This story is excerpted from a post on Modern Farmer opens in a new tab. Ilustration provided by MGMT Design.
Covering crops when temperatures dip is key. Maine, Canadian and Scandinavian farmers are the experts on this. There are a few ways to protect the crops from winter extremes. There are lots of prefab cold-frames available but reused and recycled materials are the most rewarding.
Old windows are the classic reused cold-frame material but they get very hot and are usually heavy. The more modern versions employ polycarbonate panels (hard plastic) paired with levers operated by a wax-filled cylinder: When the wax grows hot it expands, activating the lever and venting the cold house.
A great way to reuse old greenhouse plastic — sheets of durable polyethylene typically used for walling greenhouses — is to place it over ground crops. It should be supported by bent electrical tubing and anchored with stakes. The sheets fit well over a 3-foot bed and stand about 3 feet high. Tie the ends tightly to the stakes, providing tension to shield against rain and snow. Leave an opening for air to enter on both ends and weigh it down on the sides with boards, rocks or sandbags for added sturdiness. For less intense seasons or climates than the Northeast, crop fabric (Remay, Covertan or Agribon) works better than plastic for protecting from the wind while allowing the plants to breathe on warmer days.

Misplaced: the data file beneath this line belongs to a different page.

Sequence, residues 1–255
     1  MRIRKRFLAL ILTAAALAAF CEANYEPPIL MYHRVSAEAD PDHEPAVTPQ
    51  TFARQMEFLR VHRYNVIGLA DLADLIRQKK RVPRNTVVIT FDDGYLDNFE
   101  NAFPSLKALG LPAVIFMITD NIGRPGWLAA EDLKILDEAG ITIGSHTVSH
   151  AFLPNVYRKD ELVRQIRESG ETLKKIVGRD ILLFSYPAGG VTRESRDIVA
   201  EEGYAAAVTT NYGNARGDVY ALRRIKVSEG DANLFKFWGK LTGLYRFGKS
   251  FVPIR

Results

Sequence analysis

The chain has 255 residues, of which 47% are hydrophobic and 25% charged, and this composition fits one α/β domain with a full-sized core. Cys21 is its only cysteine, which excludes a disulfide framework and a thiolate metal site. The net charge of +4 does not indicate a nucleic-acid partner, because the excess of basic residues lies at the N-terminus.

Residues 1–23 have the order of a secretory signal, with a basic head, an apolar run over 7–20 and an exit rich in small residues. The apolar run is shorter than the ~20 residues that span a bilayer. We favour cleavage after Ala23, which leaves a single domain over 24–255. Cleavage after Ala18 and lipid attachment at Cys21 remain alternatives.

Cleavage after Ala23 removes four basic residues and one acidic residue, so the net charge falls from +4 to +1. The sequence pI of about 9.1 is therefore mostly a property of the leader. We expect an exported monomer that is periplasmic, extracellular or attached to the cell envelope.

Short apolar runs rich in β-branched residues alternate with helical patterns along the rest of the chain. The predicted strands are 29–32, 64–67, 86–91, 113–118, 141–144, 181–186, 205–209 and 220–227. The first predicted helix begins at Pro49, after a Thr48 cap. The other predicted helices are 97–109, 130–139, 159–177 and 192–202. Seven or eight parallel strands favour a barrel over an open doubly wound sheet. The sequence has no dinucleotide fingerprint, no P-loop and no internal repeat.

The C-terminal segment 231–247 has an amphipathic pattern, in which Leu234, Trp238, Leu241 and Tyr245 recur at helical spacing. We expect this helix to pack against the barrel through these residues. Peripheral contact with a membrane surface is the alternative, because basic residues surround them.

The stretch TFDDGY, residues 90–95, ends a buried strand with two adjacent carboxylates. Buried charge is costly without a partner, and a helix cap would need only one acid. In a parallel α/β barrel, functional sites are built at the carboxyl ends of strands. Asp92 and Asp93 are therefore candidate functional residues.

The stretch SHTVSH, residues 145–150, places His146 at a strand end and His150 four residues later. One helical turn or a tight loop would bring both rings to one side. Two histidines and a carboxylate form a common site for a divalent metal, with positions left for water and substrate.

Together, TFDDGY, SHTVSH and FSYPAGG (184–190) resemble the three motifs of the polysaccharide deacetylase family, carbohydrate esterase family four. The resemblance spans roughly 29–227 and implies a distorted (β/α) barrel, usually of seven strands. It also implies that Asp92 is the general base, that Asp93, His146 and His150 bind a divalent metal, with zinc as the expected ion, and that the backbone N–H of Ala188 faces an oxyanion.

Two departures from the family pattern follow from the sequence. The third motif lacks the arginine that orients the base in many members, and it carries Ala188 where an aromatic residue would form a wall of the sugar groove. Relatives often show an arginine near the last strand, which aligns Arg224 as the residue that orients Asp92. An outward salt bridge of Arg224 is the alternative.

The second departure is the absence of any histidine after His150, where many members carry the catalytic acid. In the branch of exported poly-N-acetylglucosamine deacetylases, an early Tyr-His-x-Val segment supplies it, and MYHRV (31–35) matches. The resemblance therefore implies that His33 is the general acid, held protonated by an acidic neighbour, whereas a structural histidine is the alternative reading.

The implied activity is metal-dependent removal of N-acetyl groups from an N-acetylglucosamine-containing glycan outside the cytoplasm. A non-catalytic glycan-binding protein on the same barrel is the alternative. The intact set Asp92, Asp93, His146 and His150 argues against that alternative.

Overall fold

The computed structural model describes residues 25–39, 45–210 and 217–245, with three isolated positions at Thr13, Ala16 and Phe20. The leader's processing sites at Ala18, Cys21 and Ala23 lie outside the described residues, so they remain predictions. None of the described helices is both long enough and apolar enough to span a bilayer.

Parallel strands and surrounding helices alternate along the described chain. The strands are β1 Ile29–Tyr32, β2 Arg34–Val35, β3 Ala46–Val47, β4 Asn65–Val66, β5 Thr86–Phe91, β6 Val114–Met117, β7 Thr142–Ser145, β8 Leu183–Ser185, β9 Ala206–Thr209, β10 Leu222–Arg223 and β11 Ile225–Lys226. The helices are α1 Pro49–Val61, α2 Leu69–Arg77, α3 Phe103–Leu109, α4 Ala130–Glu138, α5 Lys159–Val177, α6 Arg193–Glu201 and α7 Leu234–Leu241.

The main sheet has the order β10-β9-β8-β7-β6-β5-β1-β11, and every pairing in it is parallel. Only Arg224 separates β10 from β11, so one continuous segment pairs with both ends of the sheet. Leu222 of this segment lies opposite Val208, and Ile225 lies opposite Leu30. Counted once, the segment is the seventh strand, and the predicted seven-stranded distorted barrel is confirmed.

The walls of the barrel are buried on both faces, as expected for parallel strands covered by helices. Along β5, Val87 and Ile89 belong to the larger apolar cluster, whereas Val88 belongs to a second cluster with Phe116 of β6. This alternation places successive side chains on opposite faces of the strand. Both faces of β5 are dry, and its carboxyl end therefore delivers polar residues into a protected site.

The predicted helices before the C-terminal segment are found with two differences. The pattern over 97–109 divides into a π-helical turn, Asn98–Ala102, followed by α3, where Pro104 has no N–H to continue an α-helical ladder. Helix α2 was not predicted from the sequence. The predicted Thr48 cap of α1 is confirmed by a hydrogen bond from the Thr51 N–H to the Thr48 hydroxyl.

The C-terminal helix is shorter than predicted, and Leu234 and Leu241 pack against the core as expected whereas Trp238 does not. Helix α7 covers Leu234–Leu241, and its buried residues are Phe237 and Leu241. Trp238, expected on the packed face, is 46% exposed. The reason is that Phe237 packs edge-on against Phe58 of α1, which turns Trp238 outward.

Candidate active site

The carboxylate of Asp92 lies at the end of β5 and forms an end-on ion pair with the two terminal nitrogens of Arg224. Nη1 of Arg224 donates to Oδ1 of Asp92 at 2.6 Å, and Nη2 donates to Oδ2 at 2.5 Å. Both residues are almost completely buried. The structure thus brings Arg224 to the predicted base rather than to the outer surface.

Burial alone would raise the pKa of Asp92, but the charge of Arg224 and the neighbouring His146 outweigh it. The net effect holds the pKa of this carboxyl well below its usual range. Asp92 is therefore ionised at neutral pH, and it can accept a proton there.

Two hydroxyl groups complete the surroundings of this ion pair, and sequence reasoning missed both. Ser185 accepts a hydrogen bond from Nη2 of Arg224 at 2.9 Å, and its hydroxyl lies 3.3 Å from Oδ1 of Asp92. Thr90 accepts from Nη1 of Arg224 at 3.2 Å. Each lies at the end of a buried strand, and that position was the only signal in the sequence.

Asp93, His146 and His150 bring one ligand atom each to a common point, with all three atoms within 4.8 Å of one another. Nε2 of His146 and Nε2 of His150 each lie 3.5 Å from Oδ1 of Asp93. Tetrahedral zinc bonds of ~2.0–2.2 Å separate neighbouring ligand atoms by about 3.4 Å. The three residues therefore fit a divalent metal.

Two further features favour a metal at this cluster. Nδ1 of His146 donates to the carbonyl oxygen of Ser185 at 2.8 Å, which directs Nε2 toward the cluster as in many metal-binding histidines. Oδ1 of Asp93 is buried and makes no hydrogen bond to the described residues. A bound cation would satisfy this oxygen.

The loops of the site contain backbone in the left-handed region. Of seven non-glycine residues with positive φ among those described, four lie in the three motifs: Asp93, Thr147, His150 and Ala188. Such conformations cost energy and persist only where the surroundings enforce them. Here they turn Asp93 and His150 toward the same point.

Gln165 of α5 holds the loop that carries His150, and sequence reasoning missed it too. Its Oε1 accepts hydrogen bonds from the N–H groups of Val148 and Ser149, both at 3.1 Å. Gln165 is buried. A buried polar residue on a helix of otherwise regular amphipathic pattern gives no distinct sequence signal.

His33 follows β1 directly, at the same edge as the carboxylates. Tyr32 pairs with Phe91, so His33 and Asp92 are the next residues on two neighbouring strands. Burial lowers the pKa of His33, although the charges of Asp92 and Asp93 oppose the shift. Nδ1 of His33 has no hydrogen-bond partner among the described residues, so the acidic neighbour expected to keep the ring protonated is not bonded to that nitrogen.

Straw! Straw is great for keeping soil from getting excessively hard and cracked from the cold wind. It also helps hold water. It is valuable for crops like kale, cabbage, cauliflower and broccoli for this reason and can help prepare beds for early spring seedings. Straw mulch over garlic will protect the ground from cracking; it can do the same for onions. Even carrots can grow right through the straw. However, it’s not right for all crops. It can make it difficult to pick crops like parsnip and spinach and can rot spinach if it gets too wet.
Unheated greenhouses provide improved protection; here you can grow lettuce and carrots because you are keeping the ground from freezing.
Advisor: Jack Algiere, Four Season Farm Director at Stone Barns Center for Food and Agriculture opens in a new tab
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